PHILADELPHIA — Metformin, a drug commonly used to treat type 2 diabetes, shows potential in the prevention of tobacco-induced lung tumors and possibly colorectal tumors, according to two studies published in Cancer Prevention Research.
The first study, conducted by researchers at the NCI, showed that metformin significantly decreased lung tumor burden in mice exposed to a nicotine-derived nitrosamine called NNK, which is the most prevalent carcinogen in tobacco. Researchers treated the mice with metformin either orally or by injection. Those treated orally had between 40 and 50 percent fewer tumors, while those mice treated with injection had 72 percent fewer tumors. Based on these findings, clinical trials of metformin are being considered to determine if this compound could be used as an effective chemoprevention agent for smokers at high risk of developing lung cancer.
A second study, conducted by researchers in Japan, showed, non-diabetics taking metformin had a significantly lower rate of rectal aberrant crypt foci, a surrogate marker of colorectal cancer. Patients in the treatment group had a mean of 5.11 foci compared with 7.56 in the control group.
Results of these studies are to be discussed at a teleconference hosted by Scott Lippman, M.D., editor-in-chief of Cancer Prevention Research, and professor and chair in the department of thoracic head and neck medical oncology at the University of Texas M. D. Anderson Cancer Center. The teleconference will take place on Wednesday, Sept. 1, 2010, at 10:30 a.m. ET.
Reporters can participate in the teleconference by using the following information:
U.S./Canada: (866) 471-9895
International: (706) 679-5207
Access Code: 92390362
Metformin significantly decreased lung tumor burden in mice exposed to a nicotine-derived nitrosamine called NNK, which is the most prevalent carcinogen in tobacco. Metformin has been previously shown to activate an enzyme called AMP-activated protein kinase that is known to inhibit mTOR, a protein that regulates cell growth and survival in tobacco carcinogen-induced lung tumors.
The following panelistswill participate:
Philip Dennis, M.D., Ph.D., a senior investigator at the NCI, treated the mice with metformin either orally or by injection. Those treated orally had between 40 and 50 percent fewer tumors, while those mice treated with injection had 72 percent fewer tumors. Based on these findings, clinical trials of metformin are being considered to determine if this compound could be used as an effective chemoprevention agent for smokers at high risk of developing lung cancer.
“Although smoking cessation is the most important step for current smokers, over half of lung cancer cases are diagnosed in former smokers, raising the importance of identifying those at highest risk and identifying effective preventive treatments,” said Dennis.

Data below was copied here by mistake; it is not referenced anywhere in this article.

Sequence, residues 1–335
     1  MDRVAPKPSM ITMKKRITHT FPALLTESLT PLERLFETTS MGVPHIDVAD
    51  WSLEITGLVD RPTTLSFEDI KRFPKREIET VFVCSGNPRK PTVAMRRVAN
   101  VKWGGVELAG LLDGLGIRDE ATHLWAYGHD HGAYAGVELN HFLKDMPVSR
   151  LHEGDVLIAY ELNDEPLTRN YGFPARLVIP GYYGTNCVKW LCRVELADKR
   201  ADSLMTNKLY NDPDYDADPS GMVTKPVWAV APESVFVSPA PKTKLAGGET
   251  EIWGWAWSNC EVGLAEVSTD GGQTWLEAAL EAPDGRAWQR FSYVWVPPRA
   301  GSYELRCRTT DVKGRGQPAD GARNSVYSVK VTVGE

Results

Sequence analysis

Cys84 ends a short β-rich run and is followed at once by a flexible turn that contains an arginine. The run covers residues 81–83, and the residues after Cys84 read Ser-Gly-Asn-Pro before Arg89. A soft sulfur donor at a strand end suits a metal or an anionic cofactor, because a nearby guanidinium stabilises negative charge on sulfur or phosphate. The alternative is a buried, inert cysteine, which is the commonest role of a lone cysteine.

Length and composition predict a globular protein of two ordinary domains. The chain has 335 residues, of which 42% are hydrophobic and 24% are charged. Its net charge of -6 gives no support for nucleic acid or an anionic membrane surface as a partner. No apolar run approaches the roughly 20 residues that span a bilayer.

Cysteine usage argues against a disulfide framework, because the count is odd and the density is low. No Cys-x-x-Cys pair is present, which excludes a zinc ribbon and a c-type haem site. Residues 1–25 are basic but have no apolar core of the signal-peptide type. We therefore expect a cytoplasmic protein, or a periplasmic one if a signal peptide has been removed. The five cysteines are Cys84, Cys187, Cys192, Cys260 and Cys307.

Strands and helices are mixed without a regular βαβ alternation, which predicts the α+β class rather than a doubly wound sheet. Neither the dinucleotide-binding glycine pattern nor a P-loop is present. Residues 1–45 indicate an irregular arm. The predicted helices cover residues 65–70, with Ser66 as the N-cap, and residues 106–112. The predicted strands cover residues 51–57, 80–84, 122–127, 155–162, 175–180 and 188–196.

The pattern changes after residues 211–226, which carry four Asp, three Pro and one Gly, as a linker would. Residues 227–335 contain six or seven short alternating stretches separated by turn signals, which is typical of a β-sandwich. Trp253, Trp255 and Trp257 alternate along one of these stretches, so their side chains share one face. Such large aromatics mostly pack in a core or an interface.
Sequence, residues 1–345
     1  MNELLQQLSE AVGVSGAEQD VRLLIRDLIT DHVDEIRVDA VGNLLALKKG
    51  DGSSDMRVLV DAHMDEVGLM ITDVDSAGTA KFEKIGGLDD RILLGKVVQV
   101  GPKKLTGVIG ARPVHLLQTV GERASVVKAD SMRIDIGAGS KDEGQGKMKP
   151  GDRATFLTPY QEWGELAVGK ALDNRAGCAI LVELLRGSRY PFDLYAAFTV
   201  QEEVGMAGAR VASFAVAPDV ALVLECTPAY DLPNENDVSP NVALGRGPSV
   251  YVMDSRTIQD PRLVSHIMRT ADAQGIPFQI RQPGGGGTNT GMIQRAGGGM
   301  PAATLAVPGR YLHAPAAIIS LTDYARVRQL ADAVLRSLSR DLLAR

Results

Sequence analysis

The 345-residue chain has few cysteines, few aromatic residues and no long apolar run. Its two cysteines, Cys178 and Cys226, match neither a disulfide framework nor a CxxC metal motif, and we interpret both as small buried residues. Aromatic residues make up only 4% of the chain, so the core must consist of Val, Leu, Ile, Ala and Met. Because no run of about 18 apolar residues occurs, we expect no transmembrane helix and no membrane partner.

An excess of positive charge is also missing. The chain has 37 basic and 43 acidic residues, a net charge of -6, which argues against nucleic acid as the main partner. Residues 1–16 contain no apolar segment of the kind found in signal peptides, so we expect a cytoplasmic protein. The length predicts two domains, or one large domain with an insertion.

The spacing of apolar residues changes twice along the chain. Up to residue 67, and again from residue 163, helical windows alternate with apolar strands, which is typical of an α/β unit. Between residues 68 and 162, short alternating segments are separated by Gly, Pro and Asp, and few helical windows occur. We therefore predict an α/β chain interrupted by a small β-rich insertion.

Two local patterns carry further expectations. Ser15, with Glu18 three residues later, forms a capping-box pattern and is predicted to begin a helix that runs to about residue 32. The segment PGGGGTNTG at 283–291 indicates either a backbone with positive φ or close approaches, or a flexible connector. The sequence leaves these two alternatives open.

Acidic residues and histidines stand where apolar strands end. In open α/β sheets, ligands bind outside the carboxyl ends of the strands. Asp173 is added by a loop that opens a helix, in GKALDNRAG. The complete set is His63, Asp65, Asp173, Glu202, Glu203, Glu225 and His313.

In addition to Lippman and Dennis, the following panelists will participate in the teleconference:
Michael Pollak, M.D., professor in the department of medicine and oncology at McGill University and author of a mini-review on metformin published in Cancer Prevention Research:
“This important laboratory study, together with prior laboratory and epidemiology research, suggests that metformin may be useful in cancer prevention and treatment. There is new information available about the mechanisms by which this drug, which is based on compounds present in lilac, may be useful for cancer control.”
Jeffrey A. Engelman, M.D., Ph.D., director of the centers for thoracic cancers at Massachusetts General Hospital and co-author of an accompanying editorial published in Cancer Prevention Research:
“Previous epidemiology studies have shown that diabetics taking metformin have a lower risk of developing cancer. In this study, researchers carefully controlled for glucose levels, which suggests that the effect may be seen beyond the diabetic population.”
Lewis Cantley, Ph.D., director of the cancer center at Beth Israel Deaconess Medical Center and the second co-author of the accompanying editorial published in Cancer Prevention Research:
“Targeted therapies have impacted the course of cancer treatments, but they have yet to be widely utilized as agents for chemoprevention. As we work to better understand the mechanisms of action, therapies like metformin hold promise for delaying or preventing cancer progression and having a substantial, beneficial impact on cancer mortality.”
The mission of the American Association for Cancer Research is to prevent and cure cancer. Founded in 1907, the AACR is the world’s oldest and largest professional organization dedicated to advancing cancer research. The membership includes 32,000 basic, translational and clinical researchers; health care professionals; and cancer survivors and advocates in the United States and more than 90 other countries. The AACR marshals the full spectrum of expertise from the cancer community to accelerate progress in the prevention, diagnosis and treatment of cancer through high-quality scientific and educational programs. It funds innovative, meritorious research grants, research fellowship and career development awards. The AACR Annual Meeting attracts more than 17,000 participants who share the latest discoveries and developments in the field. Special conferences throughout the year present novel data across a wide variety of topics in cancer research, treatment and patient care. The AACR publishes six major peer-reviewed journals: Cancer Research; Clinical Cancer Research; Molecular Cancer Therapeutics; Molecular Cancer Research; Cancer Epidemiology, Biomarkers & Prevention; and Cancer Prevention Research. The AACR also publishes CR, a magazine for cancer survivors and their families, patient advocates, physicians and scientists. CR provides a forum for sharing essential, evidence-based information and perspectives on progress in cancer research, survivorship and advocacy.